at 400 dots / inch
The 1961 mule halfcrown was struck in error (or on purpose) from a reverse die from of the 1928-37 type.
In 1938 the halfcrown reverse - the horse - had been redesigned to improve the striking characteristics of the coin - a single 1938 trial of the new die exists - see : Irish Coinage - News Index - 1938 halfcrown
During the preparation of the 1961 restrike of the 1928 proofs the original dies were tested and found not to be in suitable for use in producing the new proof coins. In this process the halfcrown die from the 1928 series was introduced into the production run for circulating 1961 halfcrowns. This may have happened to other reverse dies but the halfcrown and penny are the only two which were distinct in design and no pennies were struck in 1961, so the opportunity for a mule penny to exist is minimal - but I keep looking.
The term 'mule' is used to describe any coin made from two mismatched sides - it is an unfortunate term in this case as it makes people think that the 'mule' halfcrown has a picture of a mule on it.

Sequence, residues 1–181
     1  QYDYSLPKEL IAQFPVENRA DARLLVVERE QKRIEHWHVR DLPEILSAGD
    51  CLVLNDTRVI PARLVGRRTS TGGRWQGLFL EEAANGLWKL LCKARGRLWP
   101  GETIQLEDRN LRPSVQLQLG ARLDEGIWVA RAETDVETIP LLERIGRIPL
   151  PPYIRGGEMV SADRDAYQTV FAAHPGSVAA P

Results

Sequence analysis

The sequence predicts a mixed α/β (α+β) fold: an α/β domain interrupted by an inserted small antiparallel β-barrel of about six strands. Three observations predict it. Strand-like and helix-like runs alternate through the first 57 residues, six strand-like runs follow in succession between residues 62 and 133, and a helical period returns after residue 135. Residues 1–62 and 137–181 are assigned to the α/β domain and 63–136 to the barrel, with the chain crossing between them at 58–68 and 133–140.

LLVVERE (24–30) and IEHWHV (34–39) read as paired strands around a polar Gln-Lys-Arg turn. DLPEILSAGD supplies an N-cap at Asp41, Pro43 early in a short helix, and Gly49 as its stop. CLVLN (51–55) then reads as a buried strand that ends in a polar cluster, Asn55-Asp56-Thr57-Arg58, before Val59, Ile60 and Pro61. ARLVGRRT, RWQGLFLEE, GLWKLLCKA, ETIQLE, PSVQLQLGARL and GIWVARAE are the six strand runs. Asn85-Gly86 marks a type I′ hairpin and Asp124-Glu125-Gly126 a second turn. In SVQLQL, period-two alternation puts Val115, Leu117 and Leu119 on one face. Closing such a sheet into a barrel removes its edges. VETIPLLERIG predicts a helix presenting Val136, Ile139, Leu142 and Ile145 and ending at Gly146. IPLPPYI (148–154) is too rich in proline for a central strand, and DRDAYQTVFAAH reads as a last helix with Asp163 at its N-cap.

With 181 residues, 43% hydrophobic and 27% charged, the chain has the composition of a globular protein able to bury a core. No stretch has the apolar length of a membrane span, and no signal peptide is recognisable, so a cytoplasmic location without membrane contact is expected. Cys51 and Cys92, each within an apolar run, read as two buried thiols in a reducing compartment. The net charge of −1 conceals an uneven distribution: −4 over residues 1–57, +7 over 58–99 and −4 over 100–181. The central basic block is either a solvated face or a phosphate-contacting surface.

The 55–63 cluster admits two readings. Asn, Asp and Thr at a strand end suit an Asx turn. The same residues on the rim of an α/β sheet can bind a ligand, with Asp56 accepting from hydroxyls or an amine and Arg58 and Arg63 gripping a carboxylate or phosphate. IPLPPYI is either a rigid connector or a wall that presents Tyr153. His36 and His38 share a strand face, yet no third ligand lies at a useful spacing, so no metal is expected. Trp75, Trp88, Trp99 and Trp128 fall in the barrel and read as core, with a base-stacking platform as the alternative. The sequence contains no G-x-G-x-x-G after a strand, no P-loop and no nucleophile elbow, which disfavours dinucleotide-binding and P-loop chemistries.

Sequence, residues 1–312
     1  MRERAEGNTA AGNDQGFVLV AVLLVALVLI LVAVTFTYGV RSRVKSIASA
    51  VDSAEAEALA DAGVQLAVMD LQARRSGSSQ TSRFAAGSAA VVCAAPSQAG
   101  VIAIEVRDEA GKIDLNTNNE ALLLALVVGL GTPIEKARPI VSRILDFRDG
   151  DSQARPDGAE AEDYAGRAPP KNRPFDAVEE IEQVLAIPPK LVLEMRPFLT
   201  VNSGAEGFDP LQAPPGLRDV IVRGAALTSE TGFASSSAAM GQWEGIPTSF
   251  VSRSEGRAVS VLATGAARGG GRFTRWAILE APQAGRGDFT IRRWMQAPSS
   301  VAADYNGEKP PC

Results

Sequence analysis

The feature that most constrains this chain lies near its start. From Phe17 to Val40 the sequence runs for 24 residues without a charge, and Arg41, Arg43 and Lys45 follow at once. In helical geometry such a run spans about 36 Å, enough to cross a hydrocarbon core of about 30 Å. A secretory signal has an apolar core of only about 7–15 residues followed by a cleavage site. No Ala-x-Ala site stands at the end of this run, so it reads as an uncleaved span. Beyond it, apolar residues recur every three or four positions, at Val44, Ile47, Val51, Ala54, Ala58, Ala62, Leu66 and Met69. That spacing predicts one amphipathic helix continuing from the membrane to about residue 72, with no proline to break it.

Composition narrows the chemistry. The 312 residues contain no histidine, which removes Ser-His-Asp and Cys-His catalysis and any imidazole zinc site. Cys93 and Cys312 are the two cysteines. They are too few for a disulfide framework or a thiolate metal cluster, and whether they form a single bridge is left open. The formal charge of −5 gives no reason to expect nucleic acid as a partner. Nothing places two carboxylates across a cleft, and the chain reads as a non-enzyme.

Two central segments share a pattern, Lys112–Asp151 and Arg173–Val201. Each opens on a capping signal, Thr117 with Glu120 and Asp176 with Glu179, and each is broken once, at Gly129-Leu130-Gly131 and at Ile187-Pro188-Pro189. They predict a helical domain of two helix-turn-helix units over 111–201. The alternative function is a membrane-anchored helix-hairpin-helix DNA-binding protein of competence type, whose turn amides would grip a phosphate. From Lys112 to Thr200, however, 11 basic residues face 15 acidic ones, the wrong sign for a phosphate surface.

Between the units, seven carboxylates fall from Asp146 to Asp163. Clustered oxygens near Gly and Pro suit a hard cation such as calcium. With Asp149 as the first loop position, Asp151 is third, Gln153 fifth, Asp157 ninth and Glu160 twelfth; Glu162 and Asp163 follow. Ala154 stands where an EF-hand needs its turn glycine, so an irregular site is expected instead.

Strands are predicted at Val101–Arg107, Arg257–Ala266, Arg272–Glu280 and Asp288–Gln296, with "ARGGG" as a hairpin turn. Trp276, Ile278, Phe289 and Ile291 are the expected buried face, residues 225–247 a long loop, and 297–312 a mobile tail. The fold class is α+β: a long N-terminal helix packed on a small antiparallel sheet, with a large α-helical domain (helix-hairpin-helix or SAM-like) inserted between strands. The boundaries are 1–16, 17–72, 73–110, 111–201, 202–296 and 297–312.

The 1961 mule halfcrowns are quite easy to detect - the illustration above shows the major differences.
- The 'd' of 2s6d is open at the top on the mule but it is closed on a normal coin.
- The tail on the mule has a slightly 'bell-shaped' sides with 8 hairs - the normal coin has a straight sided tail with 7 hairs.
- The lettering on the mule is finer and the spacing is different - most notably the OI of COROIN are much closer together on the mule than the normal coin.
- The designer's initials PM are larger and the P is not at all under the hoof, on the normal coin the initials are smaller and almost entirely under the hoof.
- The base of the 2 is longer on the mule than the regular coin.
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